A Sierra Nevada yellow-legged frog (Rana sierrae) scans the landscape in Yosemite National Park. A 2013 USGS study confirmed that U.S. amphibian populations are declining at precipitous rates. Photo: Devin Edmonds / USGS

By Timothy B. Wheeler
22 May 2013

(The Baltimore Sun) – Some of springtime's more notable heralds appear to be fading away, as a new study finds frogs, toads and salamanders disappearing at an alarming rate across the United States.

In what they say is the first analysis of its kind, scientists with the U.S. Geological Survey and a couple of universities report that declines in environmentally sensitive amphibians are more widespread and more severe than previously thought. Even the most common critters, such as the spring peepers that make Maryland marshes ring with their mating cries, appear to be losing ground.

What's more, they also seem to be vanishing from ponds, streams, wetlands, and other supposedly protected habitat in national parks and wildlife refuges.

"What we found was a little surprising," said Evan Grant, a USGS wildlife biologist and study co-author who monitors amphibians in the Northeast.

If the trend continues, the researchers say, some of the rarer amphibians could disappear in as few as six years from roughly half the sites where they're now found, while the more common species could see similar declines in 26 years.

Researchers have known for some time that some frog, toad and salamander species were in trouble, but until now they hadn't developed a broad national picture of how fast they were disappearing.

Besides fascinating children of all ages, amphibians help control mosquitoes and other insect pests. They're also important sentinels for changes in the environment, because they spend part of their lives in water and part on land. They're cold-blooded, depending on the sun's warmth to stay active, and breathe through their skin, which makes them sensitive to changes in water quality.

"Amphibians are a good indicator of what's going on," said Joel Snodgrass, a professor and chairman of biology at Towson University.

He's seen declines locally, which he attributed mainly to development eliminating or altering their habitat, but noted that such observations are limited because of the innate elusiveness of creatures that tend to lurk in water or under rocks. The value of the USGS study, he said, is that it accounted for variability in sightings by making repeated checks over many locations and a long period.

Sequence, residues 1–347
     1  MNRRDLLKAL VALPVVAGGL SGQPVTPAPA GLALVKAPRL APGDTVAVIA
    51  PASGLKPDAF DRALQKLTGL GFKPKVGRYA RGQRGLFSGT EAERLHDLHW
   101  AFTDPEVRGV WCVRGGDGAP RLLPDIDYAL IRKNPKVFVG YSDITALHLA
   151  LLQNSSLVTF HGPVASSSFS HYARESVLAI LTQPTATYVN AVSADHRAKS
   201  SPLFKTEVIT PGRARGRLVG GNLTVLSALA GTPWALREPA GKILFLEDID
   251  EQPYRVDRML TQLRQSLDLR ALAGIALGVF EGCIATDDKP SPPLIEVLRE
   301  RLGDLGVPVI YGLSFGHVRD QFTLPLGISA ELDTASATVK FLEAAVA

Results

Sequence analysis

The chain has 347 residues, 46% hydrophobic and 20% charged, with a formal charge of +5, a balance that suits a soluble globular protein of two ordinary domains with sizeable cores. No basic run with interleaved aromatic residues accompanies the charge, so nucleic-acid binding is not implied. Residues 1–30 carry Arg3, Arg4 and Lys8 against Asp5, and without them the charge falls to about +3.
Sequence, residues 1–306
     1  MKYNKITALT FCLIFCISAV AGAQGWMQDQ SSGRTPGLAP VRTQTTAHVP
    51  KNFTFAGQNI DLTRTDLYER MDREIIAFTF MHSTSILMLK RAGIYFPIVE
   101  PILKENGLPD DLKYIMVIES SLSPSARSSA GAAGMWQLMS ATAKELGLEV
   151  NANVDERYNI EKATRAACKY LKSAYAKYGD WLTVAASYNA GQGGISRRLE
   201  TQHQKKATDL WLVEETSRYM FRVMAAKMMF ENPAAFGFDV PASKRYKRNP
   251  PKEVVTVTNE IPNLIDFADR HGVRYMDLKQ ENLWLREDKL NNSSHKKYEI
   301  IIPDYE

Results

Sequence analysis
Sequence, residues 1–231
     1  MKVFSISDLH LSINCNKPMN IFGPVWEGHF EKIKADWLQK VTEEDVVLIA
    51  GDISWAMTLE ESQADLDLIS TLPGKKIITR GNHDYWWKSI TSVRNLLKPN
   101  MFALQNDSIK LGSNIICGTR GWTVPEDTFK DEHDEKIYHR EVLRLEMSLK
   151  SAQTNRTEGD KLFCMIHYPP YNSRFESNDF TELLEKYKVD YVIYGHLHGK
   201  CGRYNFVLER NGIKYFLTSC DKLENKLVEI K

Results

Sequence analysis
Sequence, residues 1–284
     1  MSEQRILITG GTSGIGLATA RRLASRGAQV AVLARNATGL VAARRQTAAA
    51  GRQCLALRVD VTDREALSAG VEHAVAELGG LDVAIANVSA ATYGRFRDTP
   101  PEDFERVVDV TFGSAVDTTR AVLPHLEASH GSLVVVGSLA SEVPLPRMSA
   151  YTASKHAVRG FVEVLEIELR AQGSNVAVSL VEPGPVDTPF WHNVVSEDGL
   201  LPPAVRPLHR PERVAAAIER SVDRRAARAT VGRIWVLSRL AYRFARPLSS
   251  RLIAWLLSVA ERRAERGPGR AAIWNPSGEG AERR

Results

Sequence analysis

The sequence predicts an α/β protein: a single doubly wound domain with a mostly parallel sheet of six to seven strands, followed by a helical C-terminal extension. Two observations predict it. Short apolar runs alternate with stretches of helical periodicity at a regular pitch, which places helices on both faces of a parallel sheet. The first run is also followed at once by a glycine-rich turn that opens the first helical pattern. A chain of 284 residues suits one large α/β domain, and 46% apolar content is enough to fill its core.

Researchers hadn't expected to see declines in many of the more common species that they looked and listened for over nine years at nearly three dozen sites around the country, including Patuxent Research Refuge in Laurel and along the Chesapeake & Ohio Canal in the Washington area. Based on earlier studies that indicated perhaps one-third of the nation's species were losing ground, researchers had expected to find some species improving while others faced trouble.

But looking at results for 48 species across all the sites, the study charted a "consistently negative" trend in how often they were found where they normally live. On average, the number of locations where amphibians could be found shrank by 3.7 percent per year, meaning that if that continued, they would be in half as many places in about 20 years.

"We don't know how long it's been going on or whether it's a trend that will continue," said Michael Adams, the study's lead author and USGS research ecologist in Oregon.

The study did not attempt to identify the cause or causes for the declines. Amphibian losses have been linked previously with development, disease, chemical contaminants, climate change and even introduced species. While a fungal disease blamed for frog die-offs in other countries is found in the United States, Adams said, "we're not seeing patterns that would help us make that link."

The researchers limited their monitoring to sites controlled by the U.S. Department of the Interior, so development likely had little direct impact on the amphibians' habitat.

"The fact we see declines even in protected areas means there is some larger-scale issue going on with amphibian populations," Grant said.

Parts of the nation experienced severe but not unprecedented drought during the study, the researchers noted, which might have reduced the amount of rain sustaining their wetlands and ponds.

In Maryland, state biologists say that with a few exceptions they have not seen drastic declines in the past 20 years or so in the 20 species of frogs and toads or in the 21 species of salamanders and newts found in the state. Glenn Therres, a wildlife biologist with the Department of Natural Resources who oversees an annual volunteer-driven census of the state's amphibians and reptiles, noted that there has not been any systematic sampling done for most of the state's species, so it's hard to draw overarching conclusions.

But Scott Stranko, a DNR biologist who oversees an ongoing statewide survey of Maryland streams, said it has tracked declines in some of the salamanders more sensitive to disturbances in landscape or water quality.

"It's pretty conclusive that where you have urban development you lose salamanders and probably some frogs as well," said Mark Southerland, a private consulting ecologist who has worked with DNR on the stream survey. The Northern two-lined salamander, for instance, appears to be pretty tolerant of changes to its habitat, so it is still found pretty widely, he said. But other apparently more sensitive species show up less often.

Another factor likely contributing to amphibian declines in urbanized areas such as Baltimore is the widespread use of salt to keep roads clear of ice and snow, Snodgrass said. Changes in salinity can kill the freshwater aquatic insects on which salamanders and frogs feed.